Cory Welch appreciates his second chance at life.
“I look at life differently now,” he says, “and I am reminded it is a tremendous gift.”
From the beginning
At age 41, Cory’s symptoms began July 4 when his legs and feet started swelling and he was short of breath. He knew something was wrong so he made an appointment with Mark Farnie, M.D., UT Physicians internal medicine specialist and professor at McGovern Medical School at The University of Texas Health Science Center at Houston (UTHealth).
After an echocardiogram, Cory was shocked to learn he was in congestive heart failure, with his heart functioning at less than 20 percent.
Within days of his diagnosis, he met with Viacheslav Bobovnikov, M.D., a UT Physicians cardiothoracic surgeon, and the news was more alarming. “All of the main arteries to my heart had 95 percent blockage and I was told I would die soon if I didn’t have bypass surgery.”
State-of-the-art training found at UT Physicians
“When I saw the results of his studies,” says Dr. Bobovnikov, assistant professor at McGovern Medical School, “I knew his condition was very serious and we couldn’t wait any longer. Cory is very young to be dealing with this life-threatening condition and our best solution was coronary artery bypass surgery with total arterial revascularization of the diseased arteries.”
Dr. Bobovnikov is one of a few cardiac surgeons in the U.S. who can perform this specialized surgery and he was trained in Israel by one of the pioneers of this surgical technique. “Studies prove that total arterial revascularization provides a more superior outcome for patients, compared with conventional bypass surgery,” he explains.
In patients like Cory, with multiple vessel coronary artery disease at a young age, total arterial revascularization is the best solution to restore the flow of blood to the heart, while providing longer lasting grafts, rather than using only the saphenous vein grafts. The total arterial revascularization means usage of both internal thoracic arteries and the radial artery as conduits.
There are many long-term benefits to these arterial grafts, such as their strength and ability to improve long-term survival and quality of life
After Cory’s diagnosis of heart failure, he learned his heart was enlarged because the heart muscle was working so hard, it became bigger.
The American Heart Association estimates nearly six million Americans have heart failure, a progressive condition in which the heart is unable to efficiently pump blood. Heart failure does not mean the heart has stopped working; it means the pumping power is weaker than normal.
The first night Cory came home from receiving the frightening news of his diagnosis, he did not feel good. “My chest felt like it was going to explode with horrible pain. I knew I needed to go to the hospital and the closest one was Memorial Hermann Pearland Hospital.” Thankfully, Cory was proactive and paid attention to his symptoms.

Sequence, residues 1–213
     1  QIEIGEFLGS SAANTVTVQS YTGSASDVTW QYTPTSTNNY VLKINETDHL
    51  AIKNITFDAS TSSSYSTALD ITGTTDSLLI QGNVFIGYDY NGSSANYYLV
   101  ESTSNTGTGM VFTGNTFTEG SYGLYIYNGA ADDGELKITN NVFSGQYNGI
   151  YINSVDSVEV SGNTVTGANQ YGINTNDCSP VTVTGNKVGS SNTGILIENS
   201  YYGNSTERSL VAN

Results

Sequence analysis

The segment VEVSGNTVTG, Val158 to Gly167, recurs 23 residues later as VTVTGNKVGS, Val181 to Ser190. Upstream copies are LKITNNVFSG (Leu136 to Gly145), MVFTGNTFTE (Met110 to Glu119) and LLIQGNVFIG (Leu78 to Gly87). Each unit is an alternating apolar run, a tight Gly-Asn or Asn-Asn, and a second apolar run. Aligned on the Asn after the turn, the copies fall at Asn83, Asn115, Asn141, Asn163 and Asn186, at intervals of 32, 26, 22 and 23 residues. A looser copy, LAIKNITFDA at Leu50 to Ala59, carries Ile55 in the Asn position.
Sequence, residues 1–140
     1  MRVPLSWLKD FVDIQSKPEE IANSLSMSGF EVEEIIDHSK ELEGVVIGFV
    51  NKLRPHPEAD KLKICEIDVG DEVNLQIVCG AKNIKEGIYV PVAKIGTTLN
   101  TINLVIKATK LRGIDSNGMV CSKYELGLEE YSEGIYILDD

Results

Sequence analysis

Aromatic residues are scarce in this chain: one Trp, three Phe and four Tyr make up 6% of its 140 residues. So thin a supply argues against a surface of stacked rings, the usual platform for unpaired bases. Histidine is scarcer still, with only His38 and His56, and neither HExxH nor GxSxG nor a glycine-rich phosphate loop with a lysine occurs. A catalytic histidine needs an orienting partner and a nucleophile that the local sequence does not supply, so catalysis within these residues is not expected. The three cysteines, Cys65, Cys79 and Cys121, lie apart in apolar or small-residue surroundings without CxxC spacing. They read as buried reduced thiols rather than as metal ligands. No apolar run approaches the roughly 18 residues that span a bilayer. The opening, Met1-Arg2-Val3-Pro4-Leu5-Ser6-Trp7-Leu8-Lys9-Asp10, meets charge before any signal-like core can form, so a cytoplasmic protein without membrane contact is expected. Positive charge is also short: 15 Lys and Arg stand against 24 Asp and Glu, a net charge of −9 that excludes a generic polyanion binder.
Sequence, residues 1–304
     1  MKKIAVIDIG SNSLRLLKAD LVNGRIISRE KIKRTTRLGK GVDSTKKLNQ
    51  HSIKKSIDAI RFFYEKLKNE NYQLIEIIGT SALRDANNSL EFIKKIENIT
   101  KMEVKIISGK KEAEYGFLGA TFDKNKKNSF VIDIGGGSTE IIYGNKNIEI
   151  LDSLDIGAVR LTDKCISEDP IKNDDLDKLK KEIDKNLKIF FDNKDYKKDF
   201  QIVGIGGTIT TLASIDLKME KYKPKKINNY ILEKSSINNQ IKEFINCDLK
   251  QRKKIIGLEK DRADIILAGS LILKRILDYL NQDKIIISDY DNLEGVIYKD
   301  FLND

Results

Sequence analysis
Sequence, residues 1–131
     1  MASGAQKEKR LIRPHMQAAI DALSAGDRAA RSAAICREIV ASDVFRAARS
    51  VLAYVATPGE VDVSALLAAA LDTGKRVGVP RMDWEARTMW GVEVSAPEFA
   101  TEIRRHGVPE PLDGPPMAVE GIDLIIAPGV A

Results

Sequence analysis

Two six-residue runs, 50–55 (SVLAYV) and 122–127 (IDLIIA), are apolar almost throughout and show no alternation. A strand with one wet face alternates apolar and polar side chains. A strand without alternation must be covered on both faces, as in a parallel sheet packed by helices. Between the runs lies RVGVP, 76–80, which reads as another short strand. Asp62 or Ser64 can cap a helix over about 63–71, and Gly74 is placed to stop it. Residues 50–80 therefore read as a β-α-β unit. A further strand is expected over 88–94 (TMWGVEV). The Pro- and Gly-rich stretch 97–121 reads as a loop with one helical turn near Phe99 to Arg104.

Within hours he was transferred to Memorial Hermann – Texas Medical Center where he had more tests, including a heart catheterization.
“Cory was an excellent candidate for total arterial revascularization,” says Dr. Bobovnikov. “He had faith and he was ready for the surgery because he knew there were no other options.”
The surgery was successful and Cory spent 11 days in the hospital. “My wife, Kayla, and I were both emotionally drained trying to process how quickly our world changed. But we were committed to make sure our home life was as stable as possible for our two sons, age 10 and 12.”
Heart disease runs in Cory’s family and he knows heart attacks are a silent killer. He encourages others to take care of themselves:
- Eat healthy and exercise
- Stay calm and avoid stress
- Don’t let the world get you down
“I know I have been guilty of putting everyone else first and now I need to learn to put myself first and better manage stress,” he admits. “I think my body was falling apart for a while and I didn’t slow down long enough to recognize the symptoms.”
Looking back, Cory thinks Hurricane Harvey may have triggered extreme stress. “We were stranded in our house for a week, like so many families, worrying about flood waters creeping closer to our house. It took a year for the signs of stress to take a toll.”
Grateful in recovery
In recovery now, Cory feels much better than he did in the past. “I gain more strength every day and enjoy walking my neighborhood as part of my rehab.”
Cory credits the “amazing and compassionate” nurses at Memorial Hermann, and his other doctors with UT Physicians, including Konstantinos Charitakis, M.D., David McPherson, M.D., Hazim Safi, M.D., Nils P. Johnson, M.D., and Sriram Nathan, M.D. He also appreciates the guidance provided by Barbara J. Stoll, M.D., dean of the McGovern Medical School.
Cory is senior audio-visual specialist in conference operations at the McGovern Medical School where he is also grateful for the support of his co-workers.
“So many people contributed to my life-saving gift – family, friends, doctors, nurses, and co-workers,” he says.
“I am fighting hard every day to get better not just for myself and my family, but for everyone who helped me during this journey of care and recovery. They all made an investment in me. Now I follow all of the advice I give to others about the importance of taking care of ourselves.”